Interview by Noah Isackson
Photography: (Trestman) Ryan Lowry; (Plummer) Tim Sharp/AP; (Gannon) Rick Hossman/AP; (Calvillo) Adrian Wyld/The Canadian Press/AP; (Cutler) Jose M. Osorio/Chicago Tribune
You were coaching the Montreal Alouettes when the Bears hired you as the new head coach. What do you say to those who wanted the Bears to hire someone from the NFL?
I think the [Canadian Football League] was part of this résumé that I put together. I coached 17 years in the NFL [for the Tampa Bay Buccaneers, Cleveland Browns, Minnesota Vikings, San Francisco 49ers, Detroit Lions, Arizona Cardinals, and Oakland Raiders]. I got to this position by taking a side road.
Why did you take a side road?
It was an improbable opportunity to be a head coach when I hadn’t been able to in the NFL.
What are some things fans will immediately notice about a Marc Trestman team?
I don’t know if it will be anything that people can see. The model here is to continue to grow as people. I feel like we’re in the business of serving others and empowering others on a number of different levels—not just football—and then combining that with the science of football.
But fans are expecting to see a noticeably different team, especially on offense.
We haven’t reinvented football. We have to be disciplined, fundamentally sound, efficient at the quarterback position. Those are universal concepts.
Given your record of improving quarterback performance [see “The Trestman Effect,” below], people will expect Jay Cutler’s numbers to rise. What do you say?
When you come in with an offensive perspective as a head coach, people expect there to be improvement on the offensive side. We expect that will be the case but not because there’s a new coach. [Bears General Manager] Phil Emery and our personnel staff have done a terrific job of adding to the blend of our players. We’ve added linemen, tight ends, some strength in a younger receiving corps. All of those things go into it, too.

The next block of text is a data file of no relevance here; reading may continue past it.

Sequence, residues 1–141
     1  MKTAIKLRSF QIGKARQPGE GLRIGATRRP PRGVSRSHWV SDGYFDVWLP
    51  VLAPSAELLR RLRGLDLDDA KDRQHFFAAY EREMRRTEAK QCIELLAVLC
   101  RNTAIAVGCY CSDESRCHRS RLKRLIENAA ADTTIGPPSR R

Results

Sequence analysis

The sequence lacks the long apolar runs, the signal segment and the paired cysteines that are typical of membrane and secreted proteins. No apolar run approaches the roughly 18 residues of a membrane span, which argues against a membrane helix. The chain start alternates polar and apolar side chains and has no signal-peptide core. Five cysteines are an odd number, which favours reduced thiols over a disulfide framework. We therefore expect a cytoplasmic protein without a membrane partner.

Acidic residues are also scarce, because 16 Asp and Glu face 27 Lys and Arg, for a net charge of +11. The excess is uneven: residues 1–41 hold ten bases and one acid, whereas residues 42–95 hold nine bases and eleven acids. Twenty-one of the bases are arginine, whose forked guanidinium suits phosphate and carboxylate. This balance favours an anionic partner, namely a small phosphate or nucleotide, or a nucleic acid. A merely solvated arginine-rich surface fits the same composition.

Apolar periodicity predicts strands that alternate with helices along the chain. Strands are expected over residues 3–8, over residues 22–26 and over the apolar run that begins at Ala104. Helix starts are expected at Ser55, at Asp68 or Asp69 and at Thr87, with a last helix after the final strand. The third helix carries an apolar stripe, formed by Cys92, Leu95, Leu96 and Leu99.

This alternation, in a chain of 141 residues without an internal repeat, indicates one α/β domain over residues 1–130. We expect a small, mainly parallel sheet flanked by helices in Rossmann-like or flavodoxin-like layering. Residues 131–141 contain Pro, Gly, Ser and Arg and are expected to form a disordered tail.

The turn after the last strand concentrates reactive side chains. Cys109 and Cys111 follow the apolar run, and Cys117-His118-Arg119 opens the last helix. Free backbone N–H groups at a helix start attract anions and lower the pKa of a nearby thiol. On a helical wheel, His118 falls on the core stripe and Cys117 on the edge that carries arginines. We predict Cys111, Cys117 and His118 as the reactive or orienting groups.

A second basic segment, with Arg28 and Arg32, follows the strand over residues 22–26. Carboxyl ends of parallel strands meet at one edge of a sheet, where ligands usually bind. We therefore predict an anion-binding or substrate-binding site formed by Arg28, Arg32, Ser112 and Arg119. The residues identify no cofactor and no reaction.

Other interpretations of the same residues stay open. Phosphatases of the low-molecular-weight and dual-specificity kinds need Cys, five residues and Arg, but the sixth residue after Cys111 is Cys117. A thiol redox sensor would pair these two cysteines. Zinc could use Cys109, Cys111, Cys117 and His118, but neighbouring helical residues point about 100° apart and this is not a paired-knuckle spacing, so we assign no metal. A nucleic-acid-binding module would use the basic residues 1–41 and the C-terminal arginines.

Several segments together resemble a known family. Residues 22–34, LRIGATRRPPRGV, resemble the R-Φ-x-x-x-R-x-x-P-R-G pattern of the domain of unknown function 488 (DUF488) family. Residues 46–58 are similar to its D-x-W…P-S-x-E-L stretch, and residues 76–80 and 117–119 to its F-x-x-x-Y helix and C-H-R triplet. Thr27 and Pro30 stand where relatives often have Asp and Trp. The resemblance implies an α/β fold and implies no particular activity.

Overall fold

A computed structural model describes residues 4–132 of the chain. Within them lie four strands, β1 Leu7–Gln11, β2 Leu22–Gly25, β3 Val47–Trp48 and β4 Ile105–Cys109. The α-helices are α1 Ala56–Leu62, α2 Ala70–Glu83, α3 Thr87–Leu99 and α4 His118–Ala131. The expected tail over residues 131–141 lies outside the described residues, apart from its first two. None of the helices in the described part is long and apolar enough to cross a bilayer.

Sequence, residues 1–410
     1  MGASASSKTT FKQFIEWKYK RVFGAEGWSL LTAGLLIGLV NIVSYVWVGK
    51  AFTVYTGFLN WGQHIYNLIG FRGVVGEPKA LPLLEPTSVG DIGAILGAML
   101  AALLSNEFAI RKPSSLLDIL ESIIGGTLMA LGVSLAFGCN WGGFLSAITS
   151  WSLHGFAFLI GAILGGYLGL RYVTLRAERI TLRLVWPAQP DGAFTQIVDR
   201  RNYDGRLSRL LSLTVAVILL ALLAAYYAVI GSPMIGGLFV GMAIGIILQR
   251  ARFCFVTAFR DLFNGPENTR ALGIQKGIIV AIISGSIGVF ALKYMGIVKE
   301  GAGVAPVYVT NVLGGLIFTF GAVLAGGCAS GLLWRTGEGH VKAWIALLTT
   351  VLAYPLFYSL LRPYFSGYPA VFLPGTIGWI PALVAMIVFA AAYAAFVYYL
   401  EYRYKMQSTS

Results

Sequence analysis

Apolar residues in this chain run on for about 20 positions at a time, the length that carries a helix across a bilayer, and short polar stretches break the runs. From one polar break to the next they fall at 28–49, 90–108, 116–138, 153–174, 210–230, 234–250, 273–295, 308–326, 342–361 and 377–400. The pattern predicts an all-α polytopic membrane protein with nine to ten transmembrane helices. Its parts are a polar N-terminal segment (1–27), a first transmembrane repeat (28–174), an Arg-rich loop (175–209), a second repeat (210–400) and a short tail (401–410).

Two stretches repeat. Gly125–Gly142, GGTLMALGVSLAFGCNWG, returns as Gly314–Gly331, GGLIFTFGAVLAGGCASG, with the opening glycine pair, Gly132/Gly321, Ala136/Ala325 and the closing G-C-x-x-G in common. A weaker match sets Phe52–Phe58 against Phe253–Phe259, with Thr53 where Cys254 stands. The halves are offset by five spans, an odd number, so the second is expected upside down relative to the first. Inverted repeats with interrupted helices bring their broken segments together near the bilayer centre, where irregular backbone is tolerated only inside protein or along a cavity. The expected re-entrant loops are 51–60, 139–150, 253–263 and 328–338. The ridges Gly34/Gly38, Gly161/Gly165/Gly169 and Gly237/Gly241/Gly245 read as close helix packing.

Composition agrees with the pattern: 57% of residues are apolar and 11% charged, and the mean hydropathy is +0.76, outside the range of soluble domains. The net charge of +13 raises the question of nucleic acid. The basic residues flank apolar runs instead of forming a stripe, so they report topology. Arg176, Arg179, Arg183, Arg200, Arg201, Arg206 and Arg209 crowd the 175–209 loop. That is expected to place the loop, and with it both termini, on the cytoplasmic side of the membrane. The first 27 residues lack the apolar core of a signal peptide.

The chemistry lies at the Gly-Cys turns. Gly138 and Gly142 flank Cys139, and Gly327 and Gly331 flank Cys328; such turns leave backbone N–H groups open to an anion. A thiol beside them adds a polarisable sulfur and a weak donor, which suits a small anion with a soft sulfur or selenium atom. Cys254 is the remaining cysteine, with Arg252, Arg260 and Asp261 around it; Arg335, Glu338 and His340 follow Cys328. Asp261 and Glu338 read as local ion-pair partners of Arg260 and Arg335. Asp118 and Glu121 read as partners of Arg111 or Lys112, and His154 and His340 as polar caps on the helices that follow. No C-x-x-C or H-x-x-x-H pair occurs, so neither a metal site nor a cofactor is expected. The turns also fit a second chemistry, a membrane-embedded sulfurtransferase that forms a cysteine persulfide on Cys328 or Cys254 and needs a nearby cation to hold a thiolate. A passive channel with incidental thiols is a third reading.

Cutler has clashed on camera with his offensive coordinators. How will you avoid that in the future?
Whether it’s the quarterback or anyone else, he’s not going to meet an enemy on the sideline. It’s an emotional game and those things happen. But that doesn’t mean the player is not dedicated to winning. He’s just, for a moment, lost his mind, and that’s how I refer to it. I’ll wait till he gathers his composure and then move on.
Which player will lead the team now that Brian Urlacher has retired?
It will probably take multiple guys to fill in the gap and be the leader that Brian was, and I think that we’ve already seen guys who are willing to step up. If I name one I’ll forget three, [but there are] a number of veteran guys.
Are there any new rules you’re putting in place?
I don’t think players will take ownership of rules. I’d prefer set standards for reasonable and common-sense behaviors.
What’s the difference between a rule and a behavior?
It shouldn’t be a rule to push in your chair and wipe the table after you eat, it should be a standard of behavior. It shouldn’t be a rule to take the towels and throw them in the basket after you take a shower, it’s a behavior that respects the environment.
Why this focus on behavior?
Every great player that I’ve ever been around wants a disciplined environment to be able to self-actualize as a person, to become better at doing things. Like communicating, being respectful, being a better husband, that go along with being part of the team.
That doesn’t sound like typical football coach talk.
What I realized [in Montreal] is you will never be fulfilled unless you are serving others; unless your heart is in a place where . . . you want more for that person than they want for themselves.
How do you make that work in the me-first world of pro sports?
On a daily basis, my goals are to get players to want to lead. You can give them the science of the game, but if you’re not growing leaders, you’re not building the locker room the way you want. You don’t have to reach everybody. As long as some guys get it, it’s got a chance to transcend the team.
You were once part of a joke on NBC’s 30 Rock, when one character accused another of rearranging their shared dressing room, saying: “What happened to my poster of the Montreal Alouettes? It’s signed by Marc Trestman!” Did you see the show?
That night, my daughter, my wife, and I were watching Criminal Minds, but [it was a rerun]. We started clicking around and I said, ‘Let’s watch 30 Rock.’ All of a sudden, they started talking about this poster.
That must have felt like The Twilight Zone.
Total Twilight Zone. It was so bizarre.
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The Trestman Effect
Is it fair to expect a new Jay Cutler in 2013? Here’s how Trestman helped improve the passer rating—an official measurement of completion percentage, passing yardage, touchdowns, and interceptions—of the last three quarterbacks he coached, in his first season with them. (A perfect passer rating is 158.3.)
Passer rating pre-Trestman: 73.1
Passer rating with Trestman: 75.0
Passer rating pre-Trestman: 92.4
Passer rating with Trestman: 95.5
Passer rating pre-Trestman: 95.8
Passer rating with Trestman: 107.2
Passer rating pre-Trestman: 81.3
Passer rating with Trestman: ?